• Is supported by clinical documentation and an evidence-based approach.
  • Determines true requirements/function/purpose.
  • Benchmarks against best practice.
  • Promotes the standardization of products that are clinically efficacious and provide the highest quality care, customer satisfaction and safety to patients in the most cost-effective manner.

Ultimately this builds a long-range planning process that identifies gaps in supply strategies and is successful in creating new behaviors that allow for adaptation, evolving policies and procedures that tackle hurdles threatening success and ultimately yield savings that are real and achievable.

We Can Help. Intalere helps you better understand the strategic nature of supply chain and provides resources that can assist in bringing efficiency and savings to every area of your supply chain. Reach out to see how we can help. Contact Customer Service at 877-711-5600 or customerservice@intalere.com or your Intalere representative.

Supply Utilization Management (SUM) – Part One: The Untapped Well

Peter Cayan and Tracey Chadwell, Intalere leaders

By Peter Cayan, Vice President and Tracey Chadwell, Senior Director, Advisory Solutions

While controlling cost and reducing variation will always be mission-critical functions to any and all supply chain managers, these tip-of-the-iceberg savings represent only about 37% of the total lifecycle cost of supply purchases. The preponderance of your product, service and technology life cycle costs, or 63%, is in your deployment and utilization, or how your commodities are employed by staff in your healthcare organization.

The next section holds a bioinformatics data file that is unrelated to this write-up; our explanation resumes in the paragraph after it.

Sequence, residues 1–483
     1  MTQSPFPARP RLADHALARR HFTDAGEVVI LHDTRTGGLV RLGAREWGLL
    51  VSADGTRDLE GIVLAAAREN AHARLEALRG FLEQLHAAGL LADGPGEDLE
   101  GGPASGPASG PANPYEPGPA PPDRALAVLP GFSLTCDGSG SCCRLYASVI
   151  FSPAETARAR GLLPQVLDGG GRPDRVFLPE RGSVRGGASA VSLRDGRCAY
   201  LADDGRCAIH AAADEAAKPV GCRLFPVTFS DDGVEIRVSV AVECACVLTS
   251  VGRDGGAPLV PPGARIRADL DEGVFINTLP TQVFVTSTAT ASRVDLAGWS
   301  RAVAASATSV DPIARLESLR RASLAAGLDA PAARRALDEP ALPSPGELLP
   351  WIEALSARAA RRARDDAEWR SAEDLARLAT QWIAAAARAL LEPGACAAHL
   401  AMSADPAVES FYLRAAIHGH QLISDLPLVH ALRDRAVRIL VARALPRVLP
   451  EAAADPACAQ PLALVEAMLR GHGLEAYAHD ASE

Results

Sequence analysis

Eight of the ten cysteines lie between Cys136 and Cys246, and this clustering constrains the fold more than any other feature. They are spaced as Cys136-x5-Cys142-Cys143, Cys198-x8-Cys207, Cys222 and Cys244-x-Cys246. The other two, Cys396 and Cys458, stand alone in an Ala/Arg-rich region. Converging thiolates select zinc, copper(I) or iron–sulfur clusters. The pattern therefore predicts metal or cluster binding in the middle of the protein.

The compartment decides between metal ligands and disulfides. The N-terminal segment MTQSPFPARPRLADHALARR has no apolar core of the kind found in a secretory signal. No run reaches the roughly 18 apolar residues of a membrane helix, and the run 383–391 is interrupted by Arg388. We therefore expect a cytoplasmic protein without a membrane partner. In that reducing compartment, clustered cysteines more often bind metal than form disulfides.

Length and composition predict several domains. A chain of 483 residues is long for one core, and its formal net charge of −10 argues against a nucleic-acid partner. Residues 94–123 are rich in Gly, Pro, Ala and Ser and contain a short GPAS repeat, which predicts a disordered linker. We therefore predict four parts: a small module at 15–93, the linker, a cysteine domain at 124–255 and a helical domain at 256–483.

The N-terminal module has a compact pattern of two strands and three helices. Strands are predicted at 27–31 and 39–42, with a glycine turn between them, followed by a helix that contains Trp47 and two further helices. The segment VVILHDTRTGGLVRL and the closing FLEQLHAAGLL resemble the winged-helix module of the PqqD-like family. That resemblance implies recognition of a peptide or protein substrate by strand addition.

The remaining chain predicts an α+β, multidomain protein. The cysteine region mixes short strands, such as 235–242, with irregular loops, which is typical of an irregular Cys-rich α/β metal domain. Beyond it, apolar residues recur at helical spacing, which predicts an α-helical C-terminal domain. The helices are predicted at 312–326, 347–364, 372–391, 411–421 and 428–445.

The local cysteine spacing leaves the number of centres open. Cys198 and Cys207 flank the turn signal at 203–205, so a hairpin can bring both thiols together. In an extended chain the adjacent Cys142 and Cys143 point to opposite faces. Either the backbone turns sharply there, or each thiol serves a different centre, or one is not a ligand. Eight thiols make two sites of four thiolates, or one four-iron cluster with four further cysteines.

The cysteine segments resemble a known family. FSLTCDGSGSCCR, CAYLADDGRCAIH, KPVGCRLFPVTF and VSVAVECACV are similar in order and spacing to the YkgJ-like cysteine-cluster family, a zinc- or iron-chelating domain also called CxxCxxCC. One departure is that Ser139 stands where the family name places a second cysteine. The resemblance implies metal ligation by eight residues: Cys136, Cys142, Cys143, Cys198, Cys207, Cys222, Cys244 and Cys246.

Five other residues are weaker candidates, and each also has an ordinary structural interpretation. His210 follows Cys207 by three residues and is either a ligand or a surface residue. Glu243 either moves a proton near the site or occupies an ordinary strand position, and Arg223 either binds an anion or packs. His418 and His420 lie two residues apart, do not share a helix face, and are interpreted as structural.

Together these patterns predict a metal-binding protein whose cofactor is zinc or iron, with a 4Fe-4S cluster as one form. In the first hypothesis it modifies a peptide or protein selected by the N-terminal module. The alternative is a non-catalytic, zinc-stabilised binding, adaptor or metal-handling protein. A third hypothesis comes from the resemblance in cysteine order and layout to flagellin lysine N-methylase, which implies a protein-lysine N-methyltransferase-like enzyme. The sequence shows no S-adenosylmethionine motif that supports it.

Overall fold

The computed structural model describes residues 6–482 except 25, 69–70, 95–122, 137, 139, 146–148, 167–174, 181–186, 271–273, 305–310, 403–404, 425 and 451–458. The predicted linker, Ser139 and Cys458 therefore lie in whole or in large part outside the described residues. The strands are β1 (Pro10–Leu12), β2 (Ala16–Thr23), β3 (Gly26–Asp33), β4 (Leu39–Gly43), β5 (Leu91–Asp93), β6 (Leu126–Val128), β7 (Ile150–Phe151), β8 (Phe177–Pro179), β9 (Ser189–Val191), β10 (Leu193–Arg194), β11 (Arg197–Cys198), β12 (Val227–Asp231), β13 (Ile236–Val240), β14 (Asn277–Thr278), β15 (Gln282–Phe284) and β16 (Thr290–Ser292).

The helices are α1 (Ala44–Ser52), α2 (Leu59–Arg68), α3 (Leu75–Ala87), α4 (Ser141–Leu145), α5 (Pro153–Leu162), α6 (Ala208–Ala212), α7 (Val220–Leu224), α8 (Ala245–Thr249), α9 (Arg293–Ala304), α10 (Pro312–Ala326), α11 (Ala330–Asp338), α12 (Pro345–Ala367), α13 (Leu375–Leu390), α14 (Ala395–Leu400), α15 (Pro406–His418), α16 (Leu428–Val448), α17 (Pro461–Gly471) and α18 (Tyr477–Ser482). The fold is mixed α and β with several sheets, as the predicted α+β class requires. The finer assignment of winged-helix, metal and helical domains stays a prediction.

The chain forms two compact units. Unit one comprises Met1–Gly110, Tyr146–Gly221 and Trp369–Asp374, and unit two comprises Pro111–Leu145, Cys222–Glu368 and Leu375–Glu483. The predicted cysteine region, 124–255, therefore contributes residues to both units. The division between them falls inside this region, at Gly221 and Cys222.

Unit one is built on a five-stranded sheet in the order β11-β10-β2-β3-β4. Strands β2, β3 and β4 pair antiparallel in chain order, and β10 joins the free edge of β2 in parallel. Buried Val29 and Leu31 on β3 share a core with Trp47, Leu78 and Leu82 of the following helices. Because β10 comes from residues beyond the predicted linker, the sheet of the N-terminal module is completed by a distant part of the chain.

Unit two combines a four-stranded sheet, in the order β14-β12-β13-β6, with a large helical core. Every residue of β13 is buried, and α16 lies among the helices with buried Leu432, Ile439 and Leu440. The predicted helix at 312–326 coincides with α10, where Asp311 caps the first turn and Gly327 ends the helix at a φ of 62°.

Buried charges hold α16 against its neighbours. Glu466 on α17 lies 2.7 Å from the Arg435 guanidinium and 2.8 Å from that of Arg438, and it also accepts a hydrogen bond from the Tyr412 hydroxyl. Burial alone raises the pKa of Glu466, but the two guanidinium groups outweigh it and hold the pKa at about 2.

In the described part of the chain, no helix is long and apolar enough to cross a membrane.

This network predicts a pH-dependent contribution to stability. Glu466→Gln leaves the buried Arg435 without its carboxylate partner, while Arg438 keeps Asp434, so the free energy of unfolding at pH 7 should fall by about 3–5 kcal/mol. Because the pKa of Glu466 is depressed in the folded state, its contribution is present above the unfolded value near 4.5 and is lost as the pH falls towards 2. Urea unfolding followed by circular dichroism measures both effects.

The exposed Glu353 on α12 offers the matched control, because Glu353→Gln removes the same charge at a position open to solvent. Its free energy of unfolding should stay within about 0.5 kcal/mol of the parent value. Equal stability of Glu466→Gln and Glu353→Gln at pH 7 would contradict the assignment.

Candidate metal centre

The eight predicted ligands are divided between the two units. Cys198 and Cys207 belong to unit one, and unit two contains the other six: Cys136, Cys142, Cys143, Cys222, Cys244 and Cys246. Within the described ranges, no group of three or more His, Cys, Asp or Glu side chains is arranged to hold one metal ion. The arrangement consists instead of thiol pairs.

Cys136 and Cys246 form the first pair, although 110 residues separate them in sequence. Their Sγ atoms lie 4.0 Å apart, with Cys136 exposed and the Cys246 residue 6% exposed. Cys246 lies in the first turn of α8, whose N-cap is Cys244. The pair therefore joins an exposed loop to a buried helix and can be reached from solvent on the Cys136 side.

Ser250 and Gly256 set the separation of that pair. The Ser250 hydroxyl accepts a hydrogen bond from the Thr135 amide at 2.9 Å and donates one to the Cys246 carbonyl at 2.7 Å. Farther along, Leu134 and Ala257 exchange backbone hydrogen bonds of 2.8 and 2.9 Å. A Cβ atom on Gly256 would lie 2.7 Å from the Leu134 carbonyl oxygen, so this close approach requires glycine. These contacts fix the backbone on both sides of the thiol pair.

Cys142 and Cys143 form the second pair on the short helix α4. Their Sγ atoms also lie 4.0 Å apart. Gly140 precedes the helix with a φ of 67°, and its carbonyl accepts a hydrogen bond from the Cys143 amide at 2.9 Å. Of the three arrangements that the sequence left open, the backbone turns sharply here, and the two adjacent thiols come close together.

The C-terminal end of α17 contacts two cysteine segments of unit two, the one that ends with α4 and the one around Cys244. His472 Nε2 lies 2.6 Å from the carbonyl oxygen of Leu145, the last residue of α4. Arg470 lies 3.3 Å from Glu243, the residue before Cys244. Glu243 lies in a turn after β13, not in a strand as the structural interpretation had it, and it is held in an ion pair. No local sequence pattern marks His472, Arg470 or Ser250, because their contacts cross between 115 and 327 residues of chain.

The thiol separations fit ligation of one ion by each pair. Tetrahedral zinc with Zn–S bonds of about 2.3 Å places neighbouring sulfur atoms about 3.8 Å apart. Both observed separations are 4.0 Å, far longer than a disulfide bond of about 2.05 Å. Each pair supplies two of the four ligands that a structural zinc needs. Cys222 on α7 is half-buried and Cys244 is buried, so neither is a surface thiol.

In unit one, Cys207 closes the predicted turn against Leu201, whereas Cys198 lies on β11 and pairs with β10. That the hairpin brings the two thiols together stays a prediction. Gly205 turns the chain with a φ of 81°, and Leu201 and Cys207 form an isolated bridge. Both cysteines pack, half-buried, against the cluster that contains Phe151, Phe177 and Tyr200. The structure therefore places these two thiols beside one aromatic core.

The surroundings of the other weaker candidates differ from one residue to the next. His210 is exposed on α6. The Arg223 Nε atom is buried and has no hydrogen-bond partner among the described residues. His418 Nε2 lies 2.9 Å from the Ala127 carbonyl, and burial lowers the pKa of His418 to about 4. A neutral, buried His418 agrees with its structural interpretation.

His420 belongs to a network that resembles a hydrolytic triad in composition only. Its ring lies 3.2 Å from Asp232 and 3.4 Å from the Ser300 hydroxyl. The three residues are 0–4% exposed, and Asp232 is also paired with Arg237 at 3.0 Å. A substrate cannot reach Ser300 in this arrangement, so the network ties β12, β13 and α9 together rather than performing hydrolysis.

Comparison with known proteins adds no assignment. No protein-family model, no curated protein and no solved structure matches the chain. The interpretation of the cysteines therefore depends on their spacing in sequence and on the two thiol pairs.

Total lifecycle management has a beginning, middle and end. At the beginning, there is your value analysis process (i.e. deciding on best value); the middle is your utilization management system (i.e. controlling when and how the product is used) and at the end of the lifecycle you need to economically and ecologically dispose of the product.

While most hospitals, IDNs and other healthcare providers have focused on the beginning and end of this total lifecycle management process, only a few healthcare organizations have a system in place to rein in the middle of this process, or utilization, where most of their lifecycle costs are incurred. This fact could be costing your healthcare organization a significant amount of money each year.

Defining Utilization Management

By definition, utilization management is control of the wasteful and inefficient consumption, misuse, misapplication or value mismatches in the products, services or technologies you are buying. It’s all those things that happen after you deliver products to your customers.